Before he got onstage with Pharrell at Coachella to perform their hit Aerosol Can, Diplo was chilling at the Sonos house party, DJ’ing his signature blend of world music beats, from Brazilian techno to dancehall and of course, heaps of hip-hop. We caught up with Diplo to talk about his favorite new music scenes, his filmmaking aspirations, and more.
BC: What new music are you digging?
D: There’s a scene in Amsterdam that I love right now with Yellow Claw and Boaz, all these young guys that are doing all this crazy, futuristic, hip hop stuff. I’ve been working with them a lot on the Major Lazer album and on my label, Mad Decent. There’s a crazy underground Amsterdam scene. But, I love South Africa man. So many dynamic things happening there. We did a show in Nairobi, and Kenya has so much cool shit. I was just doing my first shows in Africa and it was crazy to see how developed the music is, how it’s their own identity, it’s so hard. The music that travels to Africa is like a really hashed down American version of hip hop and things. And you have to have money to develop. Right now there’s a huge black middle class in Johannesburg. When you have money to spend in music – not just like, ‘that’s all we have,’ – you can try new things. If you’re barely getting by, you have to make hits. But I think the black middle class in Johannesburg is doing some things that are really exciting and moving things forward.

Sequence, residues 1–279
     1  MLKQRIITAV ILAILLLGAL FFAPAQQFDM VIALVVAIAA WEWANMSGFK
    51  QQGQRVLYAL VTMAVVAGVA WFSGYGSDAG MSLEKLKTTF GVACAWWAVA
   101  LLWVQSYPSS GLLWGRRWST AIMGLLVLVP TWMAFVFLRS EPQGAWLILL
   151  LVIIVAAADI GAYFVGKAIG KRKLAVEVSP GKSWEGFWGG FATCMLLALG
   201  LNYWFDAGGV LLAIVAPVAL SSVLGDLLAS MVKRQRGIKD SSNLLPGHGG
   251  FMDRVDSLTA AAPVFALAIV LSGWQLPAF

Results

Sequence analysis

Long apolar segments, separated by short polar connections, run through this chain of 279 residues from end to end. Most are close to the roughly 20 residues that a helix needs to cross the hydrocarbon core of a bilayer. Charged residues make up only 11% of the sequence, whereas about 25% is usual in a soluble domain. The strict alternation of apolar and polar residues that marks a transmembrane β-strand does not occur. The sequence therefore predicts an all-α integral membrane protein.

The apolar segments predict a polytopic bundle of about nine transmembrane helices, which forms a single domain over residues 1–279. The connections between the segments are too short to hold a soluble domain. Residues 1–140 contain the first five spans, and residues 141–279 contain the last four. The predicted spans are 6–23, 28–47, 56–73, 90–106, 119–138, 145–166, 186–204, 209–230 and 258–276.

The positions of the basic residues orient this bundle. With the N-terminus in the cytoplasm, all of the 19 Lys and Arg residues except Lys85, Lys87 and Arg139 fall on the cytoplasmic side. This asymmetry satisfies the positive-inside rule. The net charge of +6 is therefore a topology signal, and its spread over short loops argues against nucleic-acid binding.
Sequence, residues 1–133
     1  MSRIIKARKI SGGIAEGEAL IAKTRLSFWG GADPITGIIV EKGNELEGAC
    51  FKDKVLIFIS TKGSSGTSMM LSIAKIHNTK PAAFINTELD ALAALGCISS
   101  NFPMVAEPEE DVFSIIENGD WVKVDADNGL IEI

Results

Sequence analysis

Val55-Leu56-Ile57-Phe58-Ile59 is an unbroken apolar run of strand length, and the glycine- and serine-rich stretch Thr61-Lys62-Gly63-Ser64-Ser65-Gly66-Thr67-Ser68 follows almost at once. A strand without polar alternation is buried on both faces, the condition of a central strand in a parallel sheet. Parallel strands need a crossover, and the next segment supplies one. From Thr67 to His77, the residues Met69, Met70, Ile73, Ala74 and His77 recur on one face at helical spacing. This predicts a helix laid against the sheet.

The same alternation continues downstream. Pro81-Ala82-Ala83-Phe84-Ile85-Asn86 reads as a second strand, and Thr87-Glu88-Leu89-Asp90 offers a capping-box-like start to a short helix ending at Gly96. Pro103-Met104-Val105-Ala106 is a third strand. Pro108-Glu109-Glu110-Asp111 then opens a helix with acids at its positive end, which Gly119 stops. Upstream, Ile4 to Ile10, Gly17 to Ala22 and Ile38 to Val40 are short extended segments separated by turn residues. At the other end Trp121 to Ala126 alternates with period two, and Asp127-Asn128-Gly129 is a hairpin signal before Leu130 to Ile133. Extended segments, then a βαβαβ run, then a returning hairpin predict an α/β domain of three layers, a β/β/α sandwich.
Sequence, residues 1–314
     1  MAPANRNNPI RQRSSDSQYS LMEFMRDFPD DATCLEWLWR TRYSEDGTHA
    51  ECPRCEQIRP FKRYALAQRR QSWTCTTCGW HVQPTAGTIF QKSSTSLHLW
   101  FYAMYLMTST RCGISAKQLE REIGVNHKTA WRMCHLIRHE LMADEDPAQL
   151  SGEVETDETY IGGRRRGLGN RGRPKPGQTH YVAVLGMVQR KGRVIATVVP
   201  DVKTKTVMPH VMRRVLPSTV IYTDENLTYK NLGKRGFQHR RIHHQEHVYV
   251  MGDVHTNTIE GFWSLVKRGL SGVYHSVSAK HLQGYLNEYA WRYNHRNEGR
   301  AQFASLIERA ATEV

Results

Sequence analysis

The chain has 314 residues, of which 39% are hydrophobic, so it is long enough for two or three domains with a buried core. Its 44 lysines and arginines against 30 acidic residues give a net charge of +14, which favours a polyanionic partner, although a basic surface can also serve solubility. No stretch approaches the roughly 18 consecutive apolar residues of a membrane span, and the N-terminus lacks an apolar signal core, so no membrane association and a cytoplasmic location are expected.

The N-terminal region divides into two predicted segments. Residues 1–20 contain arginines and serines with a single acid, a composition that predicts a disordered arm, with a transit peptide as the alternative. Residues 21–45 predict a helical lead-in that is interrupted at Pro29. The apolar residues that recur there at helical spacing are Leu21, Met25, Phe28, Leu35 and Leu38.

BC: So what’s next?
D: I want to move more into documentaries next. I did a documentary called Favela on Blast – nobody really saw it, but I really loved that – I want to do more of that. Right now the music is going well and it’s so accessible, it’s a way for me to gain capital so I can create something later. There’s not a lot of money in us creating content because people are always excited about whatever hype shit’s going on. For us to bring something like real artists or real ideas out to the front is kind of a hard sell to kids. But we’re going to try and archive that stuff so people can come back and see that all that stuff exists. Maintain those archives – that’s what Shane [McCauley] and I are trying to do.
BC: Do you think of Blow your Head as an archive?
D: It’s a beginning. What I love is that Shane loves it, and I found a partner who loves to do what he does so hopefully me and him can keep doing it for as long as we can.
BC: Nowadays the music world is filled branded content and sponsorships – what brought you to work with Sonos?
D: The thing about Sonos is – I don’t do a lot of branded stuff but – it’s technology to play music. It’s not like a fucking cigarette or something, so it’s not really difficult. I don’t think anyone’s gonna know one song I play today. But they’ll dance to it and hopefully they’ll remember like Aluna George’s voice or Sam Smith. My label and my ethos has always been about bringing new music to people. I’m just a guy who’s able to translate a good vibe with the way I mix.
Photography by Hadas Di.
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